Rosario, M. (2017). Identity and stress: Health and adaptational implications for populations with chronic illnesses. Invited presentation to the annual Isabel Maitland Stewart Conference on Research in Nursing, Teacher’s College at Columbia University, New York.
Rosario, M. (2016). A “new look” at LGB research: Beyond just minority stress for health and adaptation. Invited presentation to Program for the Study of LGBT Health, Division of Gender, Sexuality, & Health, New York State Psychiatric Institute, Columbia University, New York, NY.
Rosario, M. (2015). Implications of childhood experiences for the health and adaptation of lesbian, gay, and bisexual individuals: Sensitivity to developmental process in future research. Invited presentation to webinar on “Conceptual issues and research evidence of resilience in LGBT community: The cultural framework for health—new approaches.” NIH Office of Behavioral and Social Sciences Research (OBSSR).
Rosario, M. (2011). Identities: Their arrangement and relations with health. Invited presentation to the Intersectional Working Group, LGBT Population Center, Fenway Institute, Boston, MA.
Rosario, M. (2010). Health disparities by sexual orientation and ethnicity/race: A neglected issue. Invited presentation to the Institute of Medicine, National Academy of Sciences: Committee on the lesbian, gay, bisexual and transgender (LGBT) health issues and research gaps and opportunities, Washington, DC.
Rosario, M. (2010). A theoretical perspective on self-concealment. Paper presented at the annual meeting of the American Psychological Association, San Diego, CA.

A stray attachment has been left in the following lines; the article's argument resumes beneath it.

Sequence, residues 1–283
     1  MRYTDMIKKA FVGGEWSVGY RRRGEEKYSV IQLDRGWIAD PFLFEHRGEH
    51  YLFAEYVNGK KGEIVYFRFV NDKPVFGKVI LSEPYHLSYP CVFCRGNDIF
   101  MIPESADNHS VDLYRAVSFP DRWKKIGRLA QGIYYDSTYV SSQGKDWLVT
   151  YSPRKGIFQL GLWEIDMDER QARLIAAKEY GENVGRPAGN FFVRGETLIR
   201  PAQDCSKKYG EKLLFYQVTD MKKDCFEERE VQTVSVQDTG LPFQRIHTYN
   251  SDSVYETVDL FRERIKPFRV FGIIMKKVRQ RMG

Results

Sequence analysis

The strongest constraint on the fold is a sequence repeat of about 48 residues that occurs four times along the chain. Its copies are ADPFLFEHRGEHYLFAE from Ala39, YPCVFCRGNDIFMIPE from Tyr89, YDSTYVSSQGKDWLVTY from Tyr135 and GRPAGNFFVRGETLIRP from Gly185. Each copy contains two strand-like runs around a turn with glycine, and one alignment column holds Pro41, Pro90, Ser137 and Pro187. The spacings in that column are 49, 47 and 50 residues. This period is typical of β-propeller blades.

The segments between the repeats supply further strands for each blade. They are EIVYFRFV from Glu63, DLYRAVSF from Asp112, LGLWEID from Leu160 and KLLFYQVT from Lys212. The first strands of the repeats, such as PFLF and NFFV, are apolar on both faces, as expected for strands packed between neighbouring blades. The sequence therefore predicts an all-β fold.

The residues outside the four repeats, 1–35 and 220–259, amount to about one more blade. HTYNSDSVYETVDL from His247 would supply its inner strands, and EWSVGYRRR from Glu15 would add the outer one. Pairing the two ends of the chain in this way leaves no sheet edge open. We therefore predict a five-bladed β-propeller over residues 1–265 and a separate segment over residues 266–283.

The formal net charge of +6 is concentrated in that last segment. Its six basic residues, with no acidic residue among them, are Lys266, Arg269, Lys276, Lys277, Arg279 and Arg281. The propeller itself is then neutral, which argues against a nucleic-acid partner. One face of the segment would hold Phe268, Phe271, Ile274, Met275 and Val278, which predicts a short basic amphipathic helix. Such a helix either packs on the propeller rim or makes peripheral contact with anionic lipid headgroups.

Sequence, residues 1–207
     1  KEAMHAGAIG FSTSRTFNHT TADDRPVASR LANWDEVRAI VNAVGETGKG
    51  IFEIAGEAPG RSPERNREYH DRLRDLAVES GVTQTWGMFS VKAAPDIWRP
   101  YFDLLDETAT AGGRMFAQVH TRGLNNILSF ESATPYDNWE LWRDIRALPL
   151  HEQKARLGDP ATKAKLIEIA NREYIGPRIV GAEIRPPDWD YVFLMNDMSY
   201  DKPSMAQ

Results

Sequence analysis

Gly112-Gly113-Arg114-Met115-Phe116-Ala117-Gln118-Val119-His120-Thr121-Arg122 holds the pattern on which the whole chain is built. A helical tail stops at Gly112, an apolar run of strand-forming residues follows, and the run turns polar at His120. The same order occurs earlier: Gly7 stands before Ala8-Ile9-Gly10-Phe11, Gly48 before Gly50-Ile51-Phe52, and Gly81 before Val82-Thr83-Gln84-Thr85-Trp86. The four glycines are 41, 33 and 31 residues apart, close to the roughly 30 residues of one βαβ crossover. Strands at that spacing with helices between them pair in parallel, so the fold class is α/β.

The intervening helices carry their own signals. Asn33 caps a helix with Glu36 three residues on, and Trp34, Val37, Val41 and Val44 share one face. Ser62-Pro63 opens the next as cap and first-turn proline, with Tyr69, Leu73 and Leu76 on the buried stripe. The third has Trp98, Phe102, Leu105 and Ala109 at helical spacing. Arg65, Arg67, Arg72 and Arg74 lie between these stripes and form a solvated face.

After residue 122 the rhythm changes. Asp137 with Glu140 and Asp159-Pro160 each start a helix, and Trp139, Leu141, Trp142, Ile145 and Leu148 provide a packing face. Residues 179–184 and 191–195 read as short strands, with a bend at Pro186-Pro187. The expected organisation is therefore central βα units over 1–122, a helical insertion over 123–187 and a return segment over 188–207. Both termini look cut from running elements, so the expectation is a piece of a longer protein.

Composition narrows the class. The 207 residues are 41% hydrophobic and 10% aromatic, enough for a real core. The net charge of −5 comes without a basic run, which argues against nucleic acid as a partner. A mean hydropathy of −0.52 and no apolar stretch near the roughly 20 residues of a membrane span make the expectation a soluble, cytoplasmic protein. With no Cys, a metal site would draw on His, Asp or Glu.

Rosario, M., Schrimshaw, E.W., & Hunter, J. (2009). Factors contributing to homelessness among LGB youths: A developmental perspective. Paper presented at the annual convention of the American Public Health Association, Philadelphia, PA.
Rosario, M. (2009). Resilience: A neglected area in LGB research. Invited presentation and discussion, the LGBT Youth Institute, Center for Research on Health and Sexual Orientation, Graduate School of Public Health, University of Pittsburgh, PA.
Rosario, M. (2007). Gay-related stress and other unique risk factors for LGBT youth suicide.  Invited presentation to the Consensus Conference on GLBT suicide: Research, treatment and prevention, Sponsored by the American Foundation for Suicide Prevention, the Gay and Lesbian Medical Association, and the Suicide Prevention Resource Center, Chicago, IL. 
Awards and Honors (selected)
President-Elect, Division 44, American Psychological Association (8/17).
Fellow, Society for the Scientific Study of Sexuality (since 6/16).
Editorial Board, Archives of Sexual Behavior (since 3/13).
Award for Distinguished Scientific Contributions, Division 44 (Society for the Psychological Study of Lesbian, Gay, and Bisexual Issues) of the American Psychological Association (7/12).
Award for Distinguished Contribution to Ethnic Minority Issues, Division 44 (Society for the Psychological Study of Lesbian, Gay, and Bisexual Issues) of the American Psychological Association (8/08).
Fellow, American Psychological Association and of its divisions: Society for Community Research and Action (27) and Society for the Psychological Study of Lesbian, Gay, and Bisexual Issues (44) (since 1/07).
Associate Editor, Journal of Sex Research (since 7/06).
Editorial Board, American Journal of Community Psychology (since 5/98)

Syllabus: Health of Lesbians, Gays, and Bisexuals
Syllabus: Sex and Gender
Syllabus: Social Psychology
Syllabus: Psychosocial Determinants of Health Disparities and Diversity